For the second half of its Ravinia Festival concert this past Thursday the Chicago Symphony Orchestra delivered a bravura performance of Russian composer Dmitri Shostakovich’s extraordinary “Symphony No. 5” and it couldn’t have been more timely in subtle way.
Whether she is performing songs from a Broadway musical, a familiar hymn or a gospel classic, Heather Headley possesses a voice and personality that can easily mesmerize an audience. And so she did with a grand-scale performance at Ravinia Pavilion.
Performed to breathtaking effect by the Chicago Symphony Orchestra and Chorus, along with the Chicago Children’s Choir, and a brilliant assemblage of instrumental and vocal soloists, the concert was superbly led by Marin Alsop, Ravinia’s chief conductor.
Should you need any additional proof of the adage that “absence makes the heart grow fonder,” the recent one-night-only performance by the Joffrey Ballet at the Ravinia Festival provided all the evidence required.
The crowd roared and jumped to its feet the minute the 88-year-old country music legend walked onto the stage on Saturday night — and his ability to instantly connect to his audience is unwavering, with his guitar playing still seemingly effortless.
“Unboxing Bernstein: A Live Revue” served as a stirring reminder of Leonard Bernstein’s genius for mixing and matching musical genres.
It was quite a weekend at the Ravinia Festival. On Friday evening virtuoso violinist Rachel Barton Pine filled in for the indisposed Midori with just a few hours of advance notice, and aced Prokofiev’s fiendishly difficult “Violin Concerto No. 1.”
In addition to the series of Maestro Riccardo Muti’s concerts, the fall season will mark the arrival of violinist Hilary Hahn, visits by many guest conductors and artists, plus a vast and varied lineup under the Symphony Center Presents banner. Here’s what else to expect.
Ravinia Festival just announced a major new hire, and she comes with an amazing pedigree: conductor Marin Alsop was mentored by Leonard Bernstein.
This was an exceedingly elaborate production for what was a one-night-only event, and it brought together performers fully at ease with the show’s demonically difficult score and wildly witty lyrics.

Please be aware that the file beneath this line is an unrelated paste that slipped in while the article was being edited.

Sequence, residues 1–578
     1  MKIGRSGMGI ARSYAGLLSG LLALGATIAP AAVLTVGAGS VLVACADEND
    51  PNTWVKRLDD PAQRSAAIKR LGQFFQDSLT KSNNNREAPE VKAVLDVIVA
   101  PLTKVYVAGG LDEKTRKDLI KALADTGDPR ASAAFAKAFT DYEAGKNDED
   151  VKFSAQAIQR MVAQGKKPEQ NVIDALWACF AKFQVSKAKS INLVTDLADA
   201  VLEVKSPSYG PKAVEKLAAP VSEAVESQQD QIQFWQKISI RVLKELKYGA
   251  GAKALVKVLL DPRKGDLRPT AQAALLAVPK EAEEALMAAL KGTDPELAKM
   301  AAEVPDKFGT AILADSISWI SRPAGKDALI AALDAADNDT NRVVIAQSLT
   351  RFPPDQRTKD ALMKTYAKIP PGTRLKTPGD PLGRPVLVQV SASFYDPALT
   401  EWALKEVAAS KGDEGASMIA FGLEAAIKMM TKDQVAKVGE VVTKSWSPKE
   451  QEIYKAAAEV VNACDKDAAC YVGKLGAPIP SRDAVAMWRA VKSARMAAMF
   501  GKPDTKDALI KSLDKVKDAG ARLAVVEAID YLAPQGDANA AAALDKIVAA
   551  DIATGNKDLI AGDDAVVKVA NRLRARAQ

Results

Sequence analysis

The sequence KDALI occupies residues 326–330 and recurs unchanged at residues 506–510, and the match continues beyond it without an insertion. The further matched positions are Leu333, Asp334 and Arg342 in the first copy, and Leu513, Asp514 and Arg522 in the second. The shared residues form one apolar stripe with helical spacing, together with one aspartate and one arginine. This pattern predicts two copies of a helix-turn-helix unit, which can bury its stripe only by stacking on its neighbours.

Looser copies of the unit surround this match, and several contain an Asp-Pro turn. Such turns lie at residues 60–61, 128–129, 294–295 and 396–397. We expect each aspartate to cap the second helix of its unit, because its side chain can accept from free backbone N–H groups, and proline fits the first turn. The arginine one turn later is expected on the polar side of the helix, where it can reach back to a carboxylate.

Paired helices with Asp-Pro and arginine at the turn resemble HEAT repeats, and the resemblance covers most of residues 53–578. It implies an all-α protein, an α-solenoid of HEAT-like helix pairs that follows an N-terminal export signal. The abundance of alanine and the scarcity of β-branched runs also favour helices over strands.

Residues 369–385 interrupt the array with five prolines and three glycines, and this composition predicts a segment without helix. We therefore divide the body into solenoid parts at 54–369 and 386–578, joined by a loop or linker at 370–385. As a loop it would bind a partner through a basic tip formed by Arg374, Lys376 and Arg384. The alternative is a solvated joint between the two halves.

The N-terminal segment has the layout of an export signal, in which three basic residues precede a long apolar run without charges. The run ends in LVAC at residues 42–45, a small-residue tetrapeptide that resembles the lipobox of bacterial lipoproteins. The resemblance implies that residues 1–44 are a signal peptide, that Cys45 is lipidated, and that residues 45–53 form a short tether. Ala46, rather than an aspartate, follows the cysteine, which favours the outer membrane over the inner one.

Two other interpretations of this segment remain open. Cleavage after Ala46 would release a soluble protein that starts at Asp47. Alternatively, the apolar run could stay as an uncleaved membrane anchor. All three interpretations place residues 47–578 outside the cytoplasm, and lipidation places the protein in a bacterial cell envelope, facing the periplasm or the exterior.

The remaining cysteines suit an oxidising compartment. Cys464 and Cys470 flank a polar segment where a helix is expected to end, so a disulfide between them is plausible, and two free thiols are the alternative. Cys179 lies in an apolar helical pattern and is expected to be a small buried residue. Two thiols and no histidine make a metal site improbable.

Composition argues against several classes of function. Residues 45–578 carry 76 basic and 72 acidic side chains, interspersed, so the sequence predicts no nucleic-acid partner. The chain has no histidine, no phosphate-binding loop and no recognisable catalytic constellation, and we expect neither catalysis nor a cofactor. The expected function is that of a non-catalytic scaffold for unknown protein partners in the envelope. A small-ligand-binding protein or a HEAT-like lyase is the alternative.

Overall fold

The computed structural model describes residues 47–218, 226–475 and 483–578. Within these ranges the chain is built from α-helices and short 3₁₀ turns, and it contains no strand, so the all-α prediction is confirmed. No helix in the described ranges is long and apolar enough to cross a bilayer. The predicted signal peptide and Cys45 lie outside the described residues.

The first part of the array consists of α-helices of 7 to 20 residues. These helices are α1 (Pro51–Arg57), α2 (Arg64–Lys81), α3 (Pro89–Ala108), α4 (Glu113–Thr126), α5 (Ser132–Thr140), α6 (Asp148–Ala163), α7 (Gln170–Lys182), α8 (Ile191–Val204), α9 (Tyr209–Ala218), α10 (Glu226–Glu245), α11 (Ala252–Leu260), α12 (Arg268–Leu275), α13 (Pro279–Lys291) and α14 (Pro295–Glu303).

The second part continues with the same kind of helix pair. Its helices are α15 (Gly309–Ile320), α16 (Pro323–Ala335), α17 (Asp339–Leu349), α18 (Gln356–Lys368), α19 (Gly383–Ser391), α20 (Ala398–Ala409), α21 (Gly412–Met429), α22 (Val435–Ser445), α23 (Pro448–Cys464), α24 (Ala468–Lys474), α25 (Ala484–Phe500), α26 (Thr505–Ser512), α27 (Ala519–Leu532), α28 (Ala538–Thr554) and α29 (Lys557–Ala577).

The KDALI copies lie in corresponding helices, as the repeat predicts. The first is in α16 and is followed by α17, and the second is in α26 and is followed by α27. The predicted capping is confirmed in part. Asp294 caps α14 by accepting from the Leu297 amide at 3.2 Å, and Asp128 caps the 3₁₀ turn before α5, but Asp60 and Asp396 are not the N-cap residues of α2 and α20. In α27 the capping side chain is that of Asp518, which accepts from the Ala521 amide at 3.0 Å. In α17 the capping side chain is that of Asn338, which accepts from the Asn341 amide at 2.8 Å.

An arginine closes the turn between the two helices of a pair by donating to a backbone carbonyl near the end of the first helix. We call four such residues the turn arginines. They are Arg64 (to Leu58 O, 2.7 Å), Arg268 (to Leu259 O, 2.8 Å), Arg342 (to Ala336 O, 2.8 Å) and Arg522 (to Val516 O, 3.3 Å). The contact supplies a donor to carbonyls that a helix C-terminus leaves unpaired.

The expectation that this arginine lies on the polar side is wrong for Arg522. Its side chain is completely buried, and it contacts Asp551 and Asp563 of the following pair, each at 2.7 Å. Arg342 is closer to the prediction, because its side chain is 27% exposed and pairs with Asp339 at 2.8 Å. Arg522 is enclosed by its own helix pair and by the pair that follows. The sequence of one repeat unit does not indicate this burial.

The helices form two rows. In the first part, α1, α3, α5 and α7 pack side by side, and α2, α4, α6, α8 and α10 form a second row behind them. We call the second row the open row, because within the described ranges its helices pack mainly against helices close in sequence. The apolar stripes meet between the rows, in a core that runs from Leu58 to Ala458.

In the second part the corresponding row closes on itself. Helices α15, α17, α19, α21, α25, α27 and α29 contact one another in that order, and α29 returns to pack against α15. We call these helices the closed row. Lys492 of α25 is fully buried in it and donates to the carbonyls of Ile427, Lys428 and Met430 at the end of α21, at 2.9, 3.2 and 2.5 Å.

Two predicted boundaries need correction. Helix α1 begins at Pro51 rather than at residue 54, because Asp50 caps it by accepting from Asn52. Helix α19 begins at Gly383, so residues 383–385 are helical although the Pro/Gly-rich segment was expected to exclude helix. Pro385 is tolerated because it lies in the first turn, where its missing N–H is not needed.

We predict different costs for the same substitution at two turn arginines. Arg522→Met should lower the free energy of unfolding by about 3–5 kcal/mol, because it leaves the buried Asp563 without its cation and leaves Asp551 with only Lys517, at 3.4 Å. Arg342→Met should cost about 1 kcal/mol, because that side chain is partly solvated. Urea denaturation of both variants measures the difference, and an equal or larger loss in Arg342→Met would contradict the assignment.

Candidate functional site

An impeccable set of iconic songs by the 17-time Grammy Award winner before a crowd of 16,000 at the Ravinia Festival suggested why he has remained such an enduring musical artist for more than four decades.
In addition to the beauty of the music, there was the enduring thought that the very best way to ease the current East-West tensions would be to send the politicians on both sides packing and let the musicians take over the job.
Rachmanioff’s “Piano Concerto No. 3” is awash in ravishing melodies and virtuosic thrills, and Denis Matsuev brought such volcanic power, exquisite lyricism and absolute fluidity to the fiendishly demanding work that it felt as if he himself were writing the demonic piece on the spot.
The widely celebrated 100th anniversary of the birth of Leonard Bernstein is now in the midst of a grand-scale finale as the Ravinia Festival moves through its second summer of programs devoted to all aspects of his legacy.
A roundup of recent concerts from the Ravinia Festival
As visitors to the Ravinia Festival well know, the picnics on the grass staged there tend to be legendary feasts. But it is the musical feasts that are the real food for thought.
An extensive investigation found evidence the revered conductor, who was for years associated with the Ravinia Festival and the Chicago Symphony Orchestra, committed sexual abuse and harassment, the New York Times reports.